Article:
I believe it is important to start by discussing how Motivational Interviewing initially thought about disharmony between a client and a clinician as they explored change. When the first edition of Motivational Interviewing: Helping People Change by Miller and Rollnick was released, the term “resistance” was chosen to represent the phenomenon of disagreement, tension, or “not being on the same page.” The key here is that that the responsibility for disharmony in the therapeutic relationship was almost always placed on the client, and never the clinician. However, “discord” can sometimes be caused by our mood or approach. Perhaps like any other human being, we may feel tired, stressed, overwhelmed, or distracted, and may bring some of these experiences into our sessions with our clients. It may also be that we, as clinicians, are working harder than the client, wanting change to occur badly for the client, and/or we are trying to move the client along faster than they are ready.
The way it was suggested to respond to this “resistance” was to “roll with resistance” by reflecting what the client was saying, perhaps asking an opened ended question about their concern, and to explore this “resistance.” In the most recent edition (3rd) on MI by Miller and Rollnick, they have used the term “discord” to describe this phenomenon that can exist between the client and clinician. It is important to note that “discord” involves both parties and that it is like a fire (or at least smoke) in the therapeutic relationship.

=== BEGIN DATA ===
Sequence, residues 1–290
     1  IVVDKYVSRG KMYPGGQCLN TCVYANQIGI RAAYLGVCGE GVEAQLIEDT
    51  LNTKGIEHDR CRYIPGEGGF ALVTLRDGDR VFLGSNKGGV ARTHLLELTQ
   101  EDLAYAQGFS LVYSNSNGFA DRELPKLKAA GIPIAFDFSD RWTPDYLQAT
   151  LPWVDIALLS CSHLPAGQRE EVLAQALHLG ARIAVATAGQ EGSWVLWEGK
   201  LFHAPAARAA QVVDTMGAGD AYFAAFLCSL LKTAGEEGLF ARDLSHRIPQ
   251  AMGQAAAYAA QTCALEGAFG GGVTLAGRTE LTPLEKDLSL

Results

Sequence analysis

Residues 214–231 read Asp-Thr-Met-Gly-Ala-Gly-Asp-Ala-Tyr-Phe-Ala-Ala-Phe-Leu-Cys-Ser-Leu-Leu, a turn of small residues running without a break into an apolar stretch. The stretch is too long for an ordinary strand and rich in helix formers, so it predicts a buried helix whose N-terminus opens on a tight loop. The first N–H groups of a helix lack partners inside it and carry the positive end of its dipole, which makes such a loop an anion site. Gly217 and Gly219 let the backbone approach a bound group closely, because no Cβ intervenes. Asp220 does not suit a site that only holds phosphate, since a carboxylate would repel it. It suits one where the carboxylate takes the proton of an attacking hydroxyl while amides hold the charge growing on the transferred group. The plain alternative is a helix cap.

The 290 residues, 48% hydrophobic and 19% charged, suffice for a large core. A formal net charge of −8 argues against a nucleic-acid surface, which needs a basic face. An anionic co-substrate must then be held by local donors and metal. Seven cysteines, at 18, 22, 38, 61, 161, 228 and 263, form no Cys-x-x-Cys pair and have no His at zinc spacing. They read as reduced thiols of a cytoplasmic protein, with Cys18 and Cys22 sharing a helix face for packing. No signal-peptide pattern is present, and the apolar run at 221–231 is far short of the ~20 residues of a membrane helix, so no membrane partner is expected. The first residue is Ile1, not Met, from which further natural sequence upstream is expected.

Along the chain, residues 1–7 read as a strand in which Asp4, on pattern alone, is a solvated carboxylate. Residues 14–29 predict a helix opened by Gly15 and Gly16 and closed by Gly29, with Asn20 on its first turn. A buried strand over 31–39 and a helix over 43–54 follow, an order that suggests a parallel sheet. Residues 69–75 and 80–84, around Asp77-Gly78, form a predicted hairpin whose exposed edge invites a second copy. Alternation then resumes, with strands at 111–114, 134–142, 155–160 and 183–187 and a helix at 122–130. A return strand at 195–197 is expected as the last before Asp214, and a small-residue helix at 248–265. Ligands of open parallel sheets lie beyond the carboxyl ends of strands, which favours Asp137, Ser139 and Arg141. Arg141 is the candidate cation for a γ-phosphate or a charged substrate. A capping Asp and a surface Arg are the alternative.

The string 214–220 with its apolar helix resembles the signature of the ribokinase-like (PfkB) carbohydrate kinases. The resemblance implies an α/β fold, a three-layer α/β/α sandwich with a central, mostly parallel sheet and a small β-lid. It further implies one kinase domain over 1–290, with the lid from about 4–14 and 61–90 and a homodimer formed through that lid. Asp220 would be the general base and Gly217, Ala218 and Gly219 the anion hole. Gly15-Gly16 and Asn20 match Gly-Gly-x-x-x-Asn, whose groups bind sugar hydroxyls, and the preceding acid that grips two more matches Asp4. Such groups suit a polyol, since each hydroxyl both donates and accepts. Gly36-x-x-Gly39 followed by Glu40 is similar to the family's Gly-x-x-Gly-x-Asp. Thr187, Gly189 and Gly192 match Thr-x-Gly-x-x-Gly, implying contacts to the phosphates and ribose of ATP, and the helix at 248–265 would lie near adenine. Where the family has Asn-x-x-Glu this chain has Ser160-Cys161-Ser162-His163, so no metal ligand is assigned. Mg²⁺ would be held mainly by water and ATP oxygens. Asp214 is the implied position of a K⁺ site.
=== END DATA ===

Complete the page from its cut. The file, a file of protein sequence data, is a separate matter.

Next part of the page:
Interestingly, responding to “discord” in an MI-consistent way is similar to how we have been talking about “change talk” and “sustain talk” in that we often reflect back what the client has said, ask an open-ended question, and spend some time exploring what could be occurring in the relationship. For example, if the client was questioning an age difference between you and them, a sample response from Miller and Rollnick may look something like this:
CLIENT: How old are you? How can you possibly understand me?
CLINICIAN: You’re looking for some support, and you’re not really sure if I’m the right person to provide it.
CLINICIAN: If someone was able to help and support you, what would they ask you about or what would it look like if someone was able to understand you?
Again, in this example, there appears to be some concern on behalf of the client that may signal some “discord” in the relationship. At the same time, if we, as the clinician, step on our client’s toes or say something that was insensitive or perhaps hurt the client’ feelings, we can simply say we are “sorry.” It acknowledges and models that we are taking responsibility for our actions, that we are invested, and that this relationship is important. Examples from Miller and Rollnick include:
“Oh, I’m sorry, I must have misunderstood you.”
“It sounds like I must have insulted you there.”
“I didn’t mean to lecture you.”
So, when there is “discord” we need to remember that it involves both parties and that the focus is on the therapeutic relationship and not the behavior. However, the way we respond in an MI-consistent way is similar to how we respond to “change talk” and “sustain talk” by reflecting back what the client has said, asking an open-ended question, and spending some time exploring what could be occurring in the relationship. And by responding in this way, it is likely to keep the client engaged in the possibility of change and increasing trust in the therapeutic relationship.
For more information about Motivational Interviewing or related services, contact Steve Bradley-Bull, LPC, by phone, (919) 812-9203, or by email, email@example.com.